Another question; can a head gasket blow but the engine still run as normal? Can it just blow a little bit?!

Anyway, these are the ignition coils it's running, one each side. Possibly old Yamaha XS.

IMG_3509.jpg
 

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Discussion Starter · #9 ·
Richard, here are some better photos of the bike. I changed the tacho drive back to a CB175 one - very well spotted by the way. When I bought the bike some 15 years ago it was considerably uglier than it is now. I fitted the CD bodywork. Points of interest include 2 into 1 exhaust, ported head, and plastic mudguards, of which I have no idea of their origin. And of course, the twin points setup. It's certainly seen some tinkering in it's time.

IMG_5738.jpg IMG_5739.jpg
 

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Those do look like stock xs650 coils. The factory xs coils are considered, by the xs650 crowd, to be crap and are usually the first thing they like to replace.
 

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seems to me if you have just one "dip" and two sets of points and two coils, you would get an alternating spark assuming one set of points is connected to just one coil and one spark plug. on a factory set up-one dip, one set of points, and one coil connected to both plugs.
 

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Thats no longer wasted spark, but you are running 2 x 12v coils off of a 6v system and some of the dwell is going to be charging both coils at once.
Considering the stator can't even output enough to keep things charged at idle even with the headlight off I'm guessing your system is draining more than the stock system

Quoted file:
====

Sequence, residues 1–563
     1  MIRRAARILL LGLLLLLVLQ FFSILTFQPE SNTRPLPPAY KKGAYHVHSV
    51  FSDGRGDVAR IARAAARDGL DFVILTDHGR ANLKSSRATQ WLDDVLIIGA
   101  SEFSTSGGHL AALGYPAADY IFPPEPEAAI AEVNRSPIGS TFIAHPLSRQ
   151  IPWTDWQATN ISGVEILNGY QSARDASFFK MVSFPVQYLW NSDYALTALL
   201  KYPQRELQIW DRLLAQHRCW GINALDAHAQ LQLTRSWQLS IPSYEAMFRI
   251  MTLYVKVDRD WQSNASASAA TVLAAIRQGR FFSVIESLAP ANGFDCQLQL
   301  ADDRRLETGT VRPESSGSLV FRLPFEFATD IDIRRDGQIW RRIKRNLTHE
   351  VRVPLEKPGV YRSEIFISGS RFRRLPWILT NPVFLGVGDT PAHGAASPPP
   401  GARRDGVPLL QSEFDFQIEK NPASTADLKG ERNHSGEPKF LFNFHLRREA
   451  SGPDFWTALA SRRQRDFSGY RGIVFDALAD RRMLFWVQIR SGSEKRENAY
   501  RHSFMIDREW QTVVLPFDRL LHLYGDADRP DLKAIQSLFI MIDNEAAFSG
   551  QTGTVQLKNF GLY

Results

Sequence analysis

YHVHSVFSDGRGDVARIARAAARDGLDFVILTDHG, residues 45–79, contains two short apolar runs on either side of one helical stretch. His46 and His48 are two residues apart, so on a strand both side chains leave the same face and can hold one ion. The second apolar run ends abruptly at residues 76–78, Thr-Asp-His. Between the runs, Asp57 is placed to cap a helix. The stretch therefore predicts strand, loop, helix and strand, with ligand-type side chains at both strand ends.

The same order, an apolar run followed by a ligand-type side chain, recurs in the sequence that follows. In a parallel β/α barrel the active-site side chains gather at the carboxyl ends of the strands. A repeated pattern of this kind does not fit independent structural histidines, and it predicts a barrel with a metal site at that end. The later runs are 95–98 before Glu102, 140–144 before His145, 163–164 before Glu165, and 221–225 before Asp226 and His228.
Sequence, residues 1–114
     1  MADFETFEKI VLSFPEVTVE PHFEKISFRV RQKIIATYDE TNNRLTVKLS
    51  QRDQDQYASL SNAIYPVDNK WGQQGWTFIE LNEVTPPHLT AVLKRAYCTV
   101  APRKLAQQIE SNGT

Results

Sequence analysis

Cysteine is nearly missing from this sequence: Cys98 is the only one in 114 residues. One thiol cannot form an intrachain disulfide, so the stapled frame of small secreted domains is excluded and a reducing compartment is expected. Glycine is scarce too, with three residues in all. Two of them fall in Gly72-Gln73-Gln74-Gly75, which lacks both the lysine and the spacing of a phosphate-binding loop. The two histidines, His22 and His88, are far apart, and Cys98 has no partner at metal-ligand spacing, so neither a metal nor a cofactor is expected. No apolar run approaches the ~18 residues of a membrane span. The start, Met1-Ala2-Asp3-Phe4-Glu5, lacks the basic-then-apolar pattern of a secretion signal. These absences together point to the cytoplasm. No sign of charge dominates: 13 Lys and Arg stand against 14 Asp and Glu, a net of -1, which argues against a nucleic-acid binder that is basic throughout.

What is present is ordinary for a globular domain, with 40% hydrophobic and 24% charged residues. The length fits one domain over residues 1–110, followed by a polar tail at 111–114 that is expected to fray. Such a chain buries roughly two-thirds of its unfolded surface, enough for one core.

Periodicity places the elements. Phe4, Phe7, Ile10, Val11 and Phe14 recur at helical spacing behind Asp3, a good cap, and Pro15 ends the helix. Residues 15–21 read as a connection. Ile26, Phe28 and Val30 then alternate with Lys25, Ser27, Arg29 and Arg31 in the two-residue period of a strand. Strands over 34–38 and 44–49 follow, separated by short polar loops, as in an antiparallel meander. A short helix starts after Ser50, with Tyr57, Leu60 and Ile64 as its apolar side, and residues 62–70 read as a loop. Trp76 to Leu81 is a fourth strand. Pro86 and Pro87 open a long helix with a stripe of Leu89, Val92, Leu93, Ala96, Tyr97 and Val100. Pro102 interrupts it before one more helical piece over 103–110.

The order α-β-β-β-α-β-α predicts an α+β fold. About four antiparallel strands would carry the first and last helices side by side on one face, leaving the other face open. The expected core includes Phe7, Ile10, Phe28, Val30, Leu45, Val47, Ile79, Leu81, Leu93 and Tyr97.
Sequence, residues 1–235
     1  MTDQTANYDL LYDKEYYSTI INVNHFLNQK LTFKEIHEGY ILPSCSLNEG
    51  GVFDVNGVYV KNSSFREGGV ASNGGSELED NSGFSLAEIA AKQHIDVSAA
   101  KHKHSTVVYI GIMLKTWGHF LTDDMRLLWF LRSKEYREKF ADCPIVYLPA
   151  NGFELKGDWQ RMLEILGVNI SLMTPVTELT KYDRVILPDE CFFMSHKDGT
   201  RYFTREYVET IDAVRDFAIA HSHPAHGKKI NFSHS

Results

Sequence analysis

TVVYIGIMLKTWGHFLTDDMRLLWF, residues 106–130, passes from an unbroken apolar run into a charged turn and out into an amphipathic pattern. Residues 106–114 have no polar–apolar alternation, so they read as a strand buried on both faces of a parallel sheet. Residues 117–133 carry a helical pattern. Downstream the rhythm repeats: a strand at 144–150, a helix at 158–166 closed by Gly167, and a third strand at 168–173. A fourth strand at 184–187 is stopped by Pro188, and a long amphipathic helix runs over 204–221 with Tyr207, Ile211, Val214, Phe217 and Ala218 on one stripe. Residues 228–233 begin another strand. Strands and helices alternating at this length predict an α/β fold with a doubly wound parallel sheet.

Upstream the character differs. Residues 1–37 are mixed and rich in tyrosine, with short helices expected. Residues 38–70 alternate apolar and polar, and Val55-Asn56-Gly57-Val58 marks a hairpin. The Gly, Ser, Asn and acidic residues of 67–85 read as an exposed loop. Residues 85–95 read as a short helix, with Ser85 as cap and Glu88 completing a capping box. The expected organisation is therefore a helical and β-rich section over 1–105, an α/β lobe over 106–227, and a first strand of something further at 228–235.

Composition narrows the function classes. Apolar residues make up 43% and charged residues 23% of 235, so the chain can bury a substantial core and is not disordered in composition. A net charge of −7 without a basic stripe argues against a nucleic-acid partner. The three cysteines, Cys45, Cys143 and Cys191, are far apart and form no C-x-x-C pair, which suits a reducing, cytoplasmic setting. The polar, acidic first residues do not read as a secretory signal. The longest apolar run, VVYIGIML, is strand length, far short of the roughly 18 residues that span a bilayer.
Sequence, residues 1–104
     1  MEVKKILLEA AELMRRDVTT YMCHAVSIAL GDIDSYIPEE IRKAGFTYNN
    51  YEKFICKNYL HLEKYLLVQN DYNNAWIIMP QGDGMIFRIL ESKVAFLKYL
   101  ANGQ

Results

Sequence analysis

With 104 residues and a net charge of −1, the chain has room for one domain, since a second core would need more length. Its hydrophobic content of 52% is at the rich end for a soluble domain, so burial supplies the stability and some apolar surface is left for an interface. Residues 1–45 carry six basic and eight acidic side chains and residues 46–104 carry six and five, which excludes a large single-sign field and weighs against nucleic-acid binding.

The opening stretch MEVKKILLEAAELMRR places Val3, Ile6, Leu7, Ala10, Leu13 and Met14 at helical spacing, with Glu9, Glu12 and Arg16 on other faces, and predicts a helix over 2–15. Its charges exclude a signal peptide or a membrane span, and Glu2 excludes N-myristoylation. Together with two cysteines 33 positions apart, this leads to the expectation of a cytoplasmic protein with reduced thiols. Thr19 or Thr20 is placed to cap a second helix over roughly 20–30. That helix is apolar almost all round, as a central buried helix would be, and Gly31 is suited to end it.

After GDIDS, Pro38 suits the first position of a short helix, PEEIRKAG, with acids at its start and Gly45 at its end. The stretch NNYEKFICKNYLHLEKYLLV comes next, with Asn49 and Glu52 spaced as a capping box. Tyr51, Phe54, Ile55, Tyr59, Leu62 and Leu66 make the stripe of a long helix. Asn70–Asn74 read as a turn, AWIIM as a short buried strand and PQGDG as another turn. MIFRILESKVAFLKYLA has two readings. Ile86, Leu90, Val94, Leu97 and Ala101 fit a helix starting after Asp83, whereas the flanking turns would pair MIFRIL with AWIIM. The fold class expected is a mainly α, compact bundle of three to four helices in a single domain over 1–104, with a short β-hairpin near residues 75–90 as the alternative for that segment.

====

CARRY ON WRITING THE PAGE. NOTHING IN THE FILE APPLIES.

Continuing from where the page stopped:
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Discussion Starter · #13 ·
I should have mentioned that this is a 12v system. The bike is really a CB175 with CD175 bodywork on it, with a few minor modifications. At idle I'm only getting about 11.8v and it does seem to gradually drop, then charge when revved/ridden.

The bike has been sat for a year, and initially it wouldn't run if the voltage dropped below 9v. I have charged the battery since then of course, but I want to replace it with a gel one. It's a lead acid one and I also ran it flat by mistake last year.

I think you may be right about the twin coils being more of a drain, considering the low voltage at idle. I have read that this bike's charging system is not the most powerful.

As much as like the uniqueness of this bike, perhaps I should revert to standard single coil, for reliability's sake.
 

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These little bikes ALWAYS have had the battery discharging at idle.....
Most of the period Hondas need to be revved closer to 1800 or 2K before the alternator produces as much re-charging power as the bike is consuming...
A good, fully charged battery to begin with,(12.6 to 12.7V) is needed.....
Any less than 12.2 V on a "resting" battery indicates replacement is due....

Changing back to a single coil will not improve the situation UNLESS the current coils EACH draw significantly more "juice" per coil as the 360 degree engine has no dwell overlap...... Firing the two separate 5 Ohm coils one at a time is no different (as far as electrical draw) than firing one 5 Ohm coil twice in the same rotational period......